Spring is just around and the corner, making March the perfect time of year to refocus on eating right, getting healthy, and chasing away those winter blues. We know how hard it can be to balance work with all the demands of your life and still stay focused on your nutrition, but eating healthier foods doesn’t have to be a chore. Throughout the month, we’ll be sharing tips with you to make it easier to stay excited and engaged, and help get you on track to a better you and a better life.
Food, Nutrition and Health Tips from the Academy of Nutrition and Dietetics:
Plan what you’re going to eat
Before you head for the grocery store, plan your meals and snacks for the week. Review recipes for what ingredients are needed. Check to see what foods you already have and make a list of what you need to buy. If you are having trouble coming up with ideas, try checking what’s on sale in the produce and meat departments and look up recipes that feature those ingredients.
When you shop with a list, you will be less likely to buy extra items that are not on it.
Decide how much to make
Making a large batch by doubling a recipe is an easy way to save time in the kitchen and try to stretch your budget even further. Extra portions can be used for lunches or meals later in the week, or freeze leftovers in individual containers for future use on nights when you don’t have time to cook. Plus buying larger quantities of each ingredient can help you save money by taking advantage of cheaper bulk prices.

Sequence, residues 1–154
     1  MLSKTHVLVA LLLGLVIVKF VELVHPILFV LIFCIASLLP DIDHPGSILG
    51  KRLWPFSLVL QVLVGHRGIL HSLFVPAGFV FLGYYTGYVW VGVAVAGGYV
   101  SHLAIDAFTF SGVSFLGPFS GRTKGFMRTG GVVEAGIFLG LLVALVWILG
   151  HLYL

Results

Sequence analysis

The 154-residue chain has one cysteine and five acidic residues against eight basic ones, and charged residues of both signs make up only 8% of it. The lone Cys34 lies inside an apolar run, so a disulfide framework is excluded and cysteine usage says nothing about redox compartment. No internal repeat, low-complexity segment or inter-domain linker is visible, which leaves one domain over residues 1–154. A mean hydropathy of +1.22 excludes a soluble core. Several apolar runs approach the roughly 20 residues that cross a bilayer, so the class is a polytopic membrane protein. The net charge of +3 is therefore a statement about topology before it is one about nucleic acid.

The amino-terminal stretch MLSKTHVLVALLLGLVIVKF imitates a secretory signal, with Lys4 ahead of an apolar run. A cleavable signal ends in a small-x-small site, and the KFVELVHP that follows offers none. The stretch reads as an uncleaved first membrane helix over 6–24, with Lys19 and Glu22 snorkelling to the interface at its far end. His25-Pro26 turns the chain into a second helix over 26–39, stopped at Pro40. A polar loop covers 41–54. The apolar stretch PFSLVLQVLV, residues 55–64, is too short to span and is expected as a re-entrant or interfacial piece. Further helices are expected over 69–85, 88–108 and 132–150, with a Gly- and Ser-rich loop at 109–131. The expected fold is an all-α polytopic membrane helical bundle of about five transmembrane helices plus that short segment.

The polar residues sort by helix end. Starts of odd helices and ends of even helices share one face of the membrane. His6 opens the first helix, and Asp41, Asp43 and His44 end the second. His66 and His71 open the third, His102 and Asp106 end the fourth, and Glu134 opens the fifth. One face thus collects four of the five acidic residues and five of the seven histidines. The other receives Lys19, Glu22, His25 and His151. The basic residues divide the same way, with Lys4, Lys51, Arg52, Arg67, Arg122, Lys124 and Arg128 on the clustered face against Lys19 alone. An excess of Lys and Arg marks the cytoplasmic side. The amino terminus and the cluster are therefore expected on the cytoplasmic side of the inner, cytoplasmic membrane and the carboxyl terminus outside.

Shop for foods that are in season
Fresh fruits and vegetables that are in season are usually easier to get and may be a lot less expensive. Just remember that some fresh fruits and vegetables don’t last long. Buy small amounts at a time to avoid having to throw away spoiled produce.
Try canned or frozen produce
At certain times of the year, frozen and canned fruits and vegetables may be less expensive than fresh. For canned items, choose fruit canned in 100% fruit juice and vegetables with “low sodium” or “no salt added” on the label.
Focus on nutritious, low-cost foods
Certain foods tend to be less expensive, so you can make the most of your food dollars by finding recipes that use the following ingredients: beans, peas, and lentils; sweet or white potatoes; eggs; peanut butter; canned salmon, tuna or crabmeat; grains such as oats, brown rice, barley or quinoa; and frozen or canned fruits and vegetables.